RPN Calc Part 6 – Refactoring the REPL with an Iterator

Up to now, the calculator’s main command loop has been a straightforward implementation of a REPL, or ‘read-eval-print-loop’. If you’re unfamiliar with the term, REPLs are the traditional means that interactive programming languages use to provide their interactivity. REPL’s provide a command prompt that a user can use to explore and manipulate the programming environment. In this way, a REPL makes it possible to work more quickly than traditional environments that require a program to be recompiled and restarted to test code changes.

While REPLs can become very complex in the details, the core idea is quite simple. As the name implies, REPL’s read a command from the user, evaluate that command, print the result of that evaluation, and loop back to start again. In rpncalc, all four of these steps are clearly evident in the code of the REPL. This is useful for explanatory purposes, but it closely couples the REPL to specific implementations of ‘read’, ‘evaluate’ and ‘print’. For this post, we’ll look into another way to model a REPL in code that offers a way to break this coupling.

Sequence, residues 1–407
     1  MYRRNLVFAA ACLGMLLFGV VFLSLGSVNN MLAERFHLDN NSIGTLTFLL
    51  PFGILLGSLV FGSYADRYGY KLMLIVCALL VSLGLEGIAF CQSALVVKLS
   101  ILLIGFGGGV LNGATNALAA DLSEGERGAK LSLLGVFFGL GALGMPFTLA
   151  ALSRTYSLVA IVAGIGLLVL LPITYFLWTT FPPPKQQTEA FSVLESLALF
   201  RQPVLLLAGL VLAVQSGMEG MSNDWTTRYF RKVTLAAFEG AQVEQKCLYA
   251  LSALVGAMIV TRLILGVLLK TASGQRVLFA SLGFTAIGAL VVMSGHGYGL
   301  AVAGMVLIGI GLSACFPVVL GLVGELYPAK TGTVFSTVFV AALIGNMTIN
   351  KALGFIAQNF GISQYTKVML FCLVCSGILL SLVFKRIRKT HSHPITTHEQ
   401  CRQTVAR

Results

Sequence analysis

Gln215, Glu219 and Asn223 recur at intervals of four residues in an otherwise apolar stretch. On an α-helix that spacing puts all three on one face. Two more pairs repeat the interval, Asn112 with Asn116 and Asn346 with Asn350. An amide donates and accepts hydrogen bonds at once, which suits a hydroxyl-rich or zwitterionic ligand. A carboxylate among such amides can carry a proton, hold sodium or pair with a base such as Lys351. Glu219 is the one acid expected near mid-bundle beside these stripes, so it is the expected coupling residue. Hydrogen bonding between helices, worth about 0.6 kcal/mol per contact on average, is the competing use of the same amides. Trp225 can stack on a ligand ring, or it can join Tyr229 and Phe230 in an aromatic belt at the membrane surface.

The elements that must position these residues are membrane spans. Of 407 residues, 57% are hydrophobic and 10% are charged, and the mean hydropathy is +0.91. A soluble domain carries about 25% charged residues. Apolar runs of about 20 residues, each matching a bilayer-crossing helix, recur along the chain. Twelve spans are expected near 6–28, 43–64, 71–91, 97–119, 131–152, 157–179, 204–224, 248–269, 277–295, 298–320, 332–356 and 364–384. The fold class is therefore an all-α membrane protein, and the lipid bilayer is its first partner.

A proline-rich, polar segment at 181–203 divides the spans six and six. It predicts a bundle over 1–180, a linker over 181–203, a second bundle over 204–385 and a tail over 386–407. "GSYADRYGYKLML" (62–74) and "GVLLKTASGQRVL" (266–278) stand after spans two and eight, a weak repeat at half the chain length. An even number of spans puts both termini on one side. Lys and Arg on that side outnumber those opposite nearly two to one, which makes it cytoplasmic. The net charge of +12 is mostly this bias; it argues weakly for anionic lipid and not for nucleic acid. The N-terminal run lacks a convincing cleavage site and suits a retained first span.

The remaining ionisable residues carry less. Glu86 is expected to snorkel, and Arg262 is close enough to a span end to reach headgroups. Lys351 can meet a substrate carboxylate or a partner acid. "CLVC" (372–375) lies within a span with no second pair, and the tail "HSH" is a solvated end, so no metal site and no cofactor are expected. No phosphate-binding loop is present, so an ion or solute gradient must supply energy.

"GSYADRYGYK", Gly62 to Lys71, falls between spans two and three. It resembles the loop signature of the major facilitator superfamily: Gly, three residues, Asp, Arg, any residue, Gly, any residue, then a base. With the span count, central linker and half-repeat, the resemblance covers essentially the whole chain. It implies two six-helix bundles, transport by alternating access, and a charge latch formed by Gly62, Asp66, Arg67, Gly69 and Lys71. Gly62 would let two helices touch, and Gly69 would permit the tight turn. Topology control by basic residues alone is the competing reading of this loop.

The main command loop of rpncalc contains explicit code for each of the steps in an REPL:

// Set initial state
State state = new State();

// Loop until we no longer have a state.
while(state != null) {

    // Print the current state
    System.out.println();
    showStack(state);

    // Print a prompt, and read the next command from the user.
    System.out.print("> ");
    String cmdLine = System.console().readLine();

    if (cmdLine == null)
        break;

    Command cmd = parseCommandString(cmdLine);

    // Evaluate the command and produce the next state.
    state = cmd.execute(state);
}

This code is easy to read and explicit in intent, but it totally breaks down if commands can’t be read from the console. In the case of a REPL running on a server, it may be the case that a REPL needs to print and read over a (secured!) network connection. What would be useful is a way to decouple the mechanism for reading command from the loop itself.